This is a phrase I have been hearing all too often this year. The concept is, as you evaluate your hives for their preparation for winter, if you identify major issues, you have to decide whether or not to take drastic steps such as requeening so late in the fall. Is it worth it? Will the hive have time to raise any brood before the weather turns cold? Will this step truly help them make it through the winter.
When we left off in the last issue of this blog, we had two hives with SIGNIFICANT mite issues to treat. We treated all of the hives and after the prescribed time, we removed the strips and sampled again. During that inspection we began to have some concerns.
This year we were focusing on a bit of experimentation. Our plan was to go into the winter with two hives that had queens that overwintered last year. They were still going strong so we had to try. We are trying to breed for longevity and good survival. Years ago, queen bees used to live 3-5 year…now they only seem to be making it one season. Well with this last couple of rounds of inspection, it became obvious that these queens had lost strength and the hives had decided to requeen themselves. Requeening is always risky business, but sometimes it needs to be done when Her Majesty isn’t keeping the colony growing. We saw no evidence of a laying queen when we inspected after the mite treatment in hive 1 or 3 (counting from left to right in the photos below). There was however, evidence that they were both trying to requeen.
Today was about four weeks after treatment so we went in to see if there was evidence of a successful re-queening in either hive. The news wasn’t encouraging. In Hive 3, we found no eggs, no larvae, happy bees and a young QUEEN! Weird… well the queen only had wings on one side of her body, she was small, so we suspect not successfully mated. We were surprised by how the workers treated her. They seemed to really like her; they were tending her, surrounding her in a typical fashion, etc.
Sometimes beekeepers will use a dying colony to add strength to a weak one and give it a better chance for the winter. This might mean adding bees or resources from the dying colony into the other. Care MUST be taken or you risk sharing mites and diseases. We thought that we might use this strategy to strengthen hive number 3 if we had a new queen in Hive 1 because we had already determined that Hive 1 wouldn’t make it this year.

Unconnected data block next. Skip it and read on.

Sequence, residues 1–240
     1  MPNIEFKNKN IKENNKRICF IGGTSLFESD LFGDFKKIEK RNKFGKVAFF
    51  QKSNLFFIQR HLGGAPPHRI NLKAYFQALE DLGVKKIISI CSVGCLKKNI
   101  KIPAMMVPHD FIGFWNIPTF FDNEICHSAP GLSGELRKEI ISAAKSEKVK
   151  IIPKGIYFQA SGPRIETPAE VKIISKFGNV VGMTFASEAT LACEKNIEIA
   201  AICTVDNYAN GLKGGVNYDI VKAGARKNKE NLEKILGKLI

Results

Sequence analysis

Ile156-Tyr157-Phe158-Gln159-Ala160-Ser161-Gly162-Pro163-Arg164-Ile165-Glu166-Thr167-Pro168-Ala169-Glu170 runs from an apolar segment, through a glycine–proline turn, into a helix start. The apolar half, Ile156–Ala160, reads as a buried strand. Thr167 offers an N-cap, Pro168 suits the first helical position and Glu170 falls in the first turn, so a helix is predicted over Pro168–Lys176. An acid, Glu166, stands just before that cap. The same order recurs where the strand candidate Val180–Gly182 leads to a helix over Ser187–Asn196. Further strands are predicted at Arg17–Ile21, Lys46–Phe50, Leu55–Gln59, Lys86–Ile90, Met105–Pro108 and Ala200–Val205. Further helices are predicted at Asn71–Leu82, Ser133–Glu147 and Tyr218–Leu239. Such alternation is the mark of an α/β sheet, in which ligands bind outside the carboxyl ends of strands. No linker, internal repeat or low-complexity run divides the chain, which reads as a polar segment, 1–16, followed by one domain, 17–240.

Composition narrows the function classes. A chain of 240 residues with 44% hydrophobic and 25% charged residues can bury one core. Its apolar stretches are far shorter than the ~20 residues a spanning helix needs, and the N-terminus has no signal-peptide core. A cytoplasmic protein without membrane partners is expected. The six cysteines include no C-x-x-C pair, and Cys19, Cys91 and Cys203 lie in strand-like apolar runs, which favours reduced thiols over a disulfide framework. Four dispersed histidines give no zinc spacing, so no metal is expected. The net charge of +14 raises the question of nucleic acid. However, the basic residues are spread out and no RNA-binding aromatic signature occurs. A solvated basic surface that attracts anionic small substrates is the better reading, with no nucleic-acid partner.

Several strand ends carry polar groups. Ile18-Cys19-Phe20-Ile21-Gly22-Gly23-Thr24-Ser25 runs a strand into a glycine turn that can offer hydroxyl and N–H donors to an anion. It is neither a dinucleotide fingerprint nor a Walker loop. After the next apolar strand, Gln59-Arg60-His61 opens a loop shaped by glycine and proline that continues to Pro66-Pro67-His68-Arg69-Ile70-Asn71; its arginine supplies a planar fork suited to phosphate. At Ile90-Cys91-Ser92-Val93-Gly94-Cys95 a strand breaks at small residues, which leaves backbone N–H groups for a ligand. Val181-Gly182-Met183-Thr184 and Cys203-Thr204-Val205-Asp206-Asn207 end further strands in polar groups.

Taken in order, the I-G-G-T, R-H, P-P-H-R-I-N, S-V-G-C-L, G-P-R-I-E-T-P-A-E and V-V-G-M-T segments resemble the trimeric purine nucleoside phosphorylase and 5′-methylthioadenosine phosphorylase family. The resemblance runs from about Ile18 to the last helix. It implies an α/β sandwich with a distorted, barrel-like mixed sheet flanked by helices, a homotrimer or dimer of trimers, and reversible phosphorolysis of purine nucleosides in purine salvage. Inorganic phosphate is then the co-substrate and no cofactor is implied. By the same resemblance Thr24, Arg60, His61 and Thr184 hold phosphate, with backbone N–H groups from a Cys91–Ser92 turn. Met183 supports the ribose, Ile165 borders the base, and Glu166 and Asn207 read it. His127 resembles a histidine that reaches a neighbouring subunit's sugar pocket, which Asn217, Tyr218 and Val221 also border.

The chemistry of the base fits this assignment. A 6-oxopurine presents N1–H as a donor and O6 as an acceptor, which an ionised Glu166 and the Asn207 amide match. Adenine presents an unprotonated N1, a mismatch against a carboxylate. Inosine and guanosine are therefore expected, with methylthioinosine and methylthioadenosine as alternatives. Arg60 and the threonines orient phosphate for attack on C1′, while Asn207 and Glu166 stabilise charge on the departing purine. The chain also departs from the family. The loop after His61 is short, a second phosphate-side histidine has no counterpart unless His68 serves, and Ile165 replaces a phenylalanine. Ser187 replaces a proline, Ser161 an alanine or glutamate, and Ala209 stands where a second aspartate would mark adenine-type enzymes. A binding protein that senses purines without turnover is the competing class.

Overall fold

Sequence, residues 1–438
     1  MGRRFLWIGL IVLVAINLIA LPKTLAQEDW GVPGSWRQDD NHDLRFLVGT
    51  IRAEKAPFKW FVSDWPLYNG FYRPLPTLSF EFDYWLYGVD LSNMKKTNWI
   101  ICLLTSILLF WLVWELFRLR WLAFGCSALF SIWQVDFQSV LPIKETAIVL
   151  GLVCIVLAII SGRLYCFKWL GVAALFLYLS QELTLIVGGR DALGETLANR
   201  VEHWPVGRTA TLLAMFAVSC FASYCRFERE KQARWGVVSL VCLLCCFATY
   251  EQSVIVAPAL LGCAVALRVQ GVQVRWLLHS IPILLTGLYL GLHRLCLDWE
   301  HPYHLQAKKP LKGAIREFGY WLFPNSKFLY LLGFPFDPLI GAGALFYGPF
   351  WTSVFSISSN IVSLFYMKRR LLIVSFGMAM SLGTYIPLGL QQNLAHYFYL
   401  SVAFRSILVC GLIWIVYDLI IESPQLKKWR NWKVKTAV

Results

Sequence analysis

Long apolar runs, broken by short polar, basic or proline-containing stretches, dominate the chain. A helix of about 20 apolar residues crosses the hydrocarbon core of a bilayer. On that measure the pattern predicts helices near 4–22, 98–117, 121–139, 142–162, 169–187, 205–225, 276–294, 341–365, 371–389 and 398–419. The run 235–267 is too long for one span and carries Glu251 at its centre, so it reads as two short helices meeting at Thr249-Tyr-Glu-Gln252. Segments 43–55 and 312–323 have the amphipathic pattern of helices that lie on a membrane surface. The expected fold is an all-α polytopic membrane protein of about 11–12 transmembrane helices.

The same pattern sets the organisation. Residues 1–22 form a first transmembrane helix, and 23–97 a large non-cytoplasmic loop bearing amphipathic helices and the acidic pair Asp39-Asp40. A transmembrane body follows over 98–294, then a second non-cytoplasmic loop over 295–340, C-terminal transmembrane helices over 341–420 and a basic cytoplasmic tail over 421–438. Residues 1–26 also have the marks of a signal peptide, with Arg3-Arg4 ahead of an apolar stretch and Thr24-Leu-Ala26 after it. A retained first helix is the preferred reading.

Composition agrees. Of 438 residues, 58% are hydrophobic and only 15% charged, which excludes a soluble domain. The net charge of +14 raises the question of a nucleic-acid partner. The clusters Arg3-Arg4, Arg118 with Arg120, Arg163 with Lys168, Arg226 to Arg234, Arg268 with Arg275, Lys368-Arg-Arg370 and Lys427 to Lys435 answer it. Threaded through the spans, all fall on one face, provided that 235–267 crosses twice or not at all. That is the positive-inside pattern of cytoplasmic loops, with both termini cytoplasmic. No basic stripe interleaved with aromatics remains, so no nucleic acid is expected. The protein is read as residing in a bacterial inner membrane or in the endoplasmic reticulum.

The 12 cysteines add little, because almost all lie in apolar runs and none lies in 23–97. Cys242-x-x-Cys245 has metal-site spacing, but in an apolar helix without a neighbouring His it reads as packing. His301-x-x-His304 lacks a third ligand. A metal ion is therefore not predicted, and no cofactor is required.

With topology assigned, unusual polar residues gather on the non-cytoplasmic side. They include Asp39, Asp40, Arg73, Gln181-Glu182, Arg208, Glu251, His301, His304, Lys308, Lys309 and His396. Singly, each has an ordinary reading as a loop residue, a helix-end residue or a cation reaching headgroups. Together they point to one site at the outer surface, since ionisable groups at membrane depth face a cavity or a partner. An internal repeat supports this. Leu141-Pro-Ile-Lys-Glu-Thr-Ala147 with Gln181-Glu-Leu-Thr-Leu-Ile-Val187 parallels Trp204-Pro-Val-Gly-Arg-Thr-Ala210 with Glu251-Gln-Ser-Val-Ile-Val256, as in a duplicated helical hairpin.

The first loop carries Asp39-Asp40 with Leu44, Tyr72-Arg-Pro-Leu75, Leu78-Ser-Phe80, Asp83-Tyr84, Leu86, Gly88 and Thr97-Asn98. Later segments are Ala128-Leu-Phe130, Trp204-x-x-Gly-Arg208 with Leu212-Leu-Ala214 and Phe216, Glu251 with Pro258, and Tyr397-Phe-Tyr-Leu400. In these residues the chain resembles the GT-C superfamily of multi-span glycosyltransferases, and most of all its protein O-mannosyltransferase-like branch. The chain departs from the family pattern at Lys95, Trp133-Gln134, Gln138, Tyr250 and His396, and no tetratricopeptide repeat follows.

In Hive 1, we found so few bees and only a small (3 inch) patch of larvae. We saw no queen or really any cluster of bees to speak of. At the moment, it seems that we have 2 hives that won’t make it through the winter. We are feeding hive 3 just in case she was successfully mated and there were still so many bees in there. We also observed honey and pollen stores, along with workers continuing to coming in carrying pollen and nectar. These bees appear to have the resources to make it through!
Weak colonies can also be come very vulnerable to attack by robbing insects (wasps, other honeybees) and parasitic insects such as wax moths and hive beetles. A small population cannot cover all of the hive area to keep wax moths and hive beetles from moving in. Usually a healthy population of bees can keep this from happening, but the damage these insects can do may just cause a more-costly issue than the death of the colony itself. If unchecked, the equipment can be rendered unusable and need to be thrown out.
Hive 1 we will actually dismantle soon. We saw a wax-moth in there so we will put those frames in the freezer to prevent destruction of the comb over the winter and spreading to our other equipment in the storage room.
In better news, hives 2 and 4 seem to have decent stores put away for winter and with this CRAZY mild fall weather, they are still foraging a bit and we even saw them bringing in pollen!
Both beekeepers on staff have some similar situations in their apiaries, where we have a struggling hive, but pouring resources into a failing hive (a new queen can cost about $30) may not make good sense because it is just too late in the year to reasonably expect that the efforts would result in more certain winter survival. At this point, it may be better to just re-populate in the spring. Additionally, the losses we are taking both personally and at Whiting are from hives that were productive this summer in terms of honey. We have made money with the honey we harvested, and are not at a total loss from the hive. We also feel that in our apiary we can select for specific traits. If there are queen limitations, mite load concerns, weak honey stores, etc. we can choose to select for colonies in our apiary that exhibit genetic traits that are most important to us. And yes! Survival is an important trait. We also chose this year to go into winter with more hives than we anticipate using. Which, by design, is our insurance policy to start the spring with a sustainable practice utilizing our resources and not being trapped on the treadmill of purchasing bees from outside sources at each loss. Now, that feels a little heartless to say, but remember that a typical honey bee only lives 15-38 days in the summer months and winter bees live 150-200 days. Some of these struggling hives likely don’t have winter bees so they will die out before winter actually hits. It isn’t a scenario where we are depriving the colony of support, we just aren’t creating a new colony just before the harshness of winter arrives. We are taking the losses of these hives in the fall, saving winter resources (like feed and more mite treatments – which cost $) and will use our efforts and resources to repopulate in the spring. If we have enough colonies survive, we can repopulate the hives from those that overwinter. That is our goal …to limit the number of ‘new bees’ we have to purchase in the spring.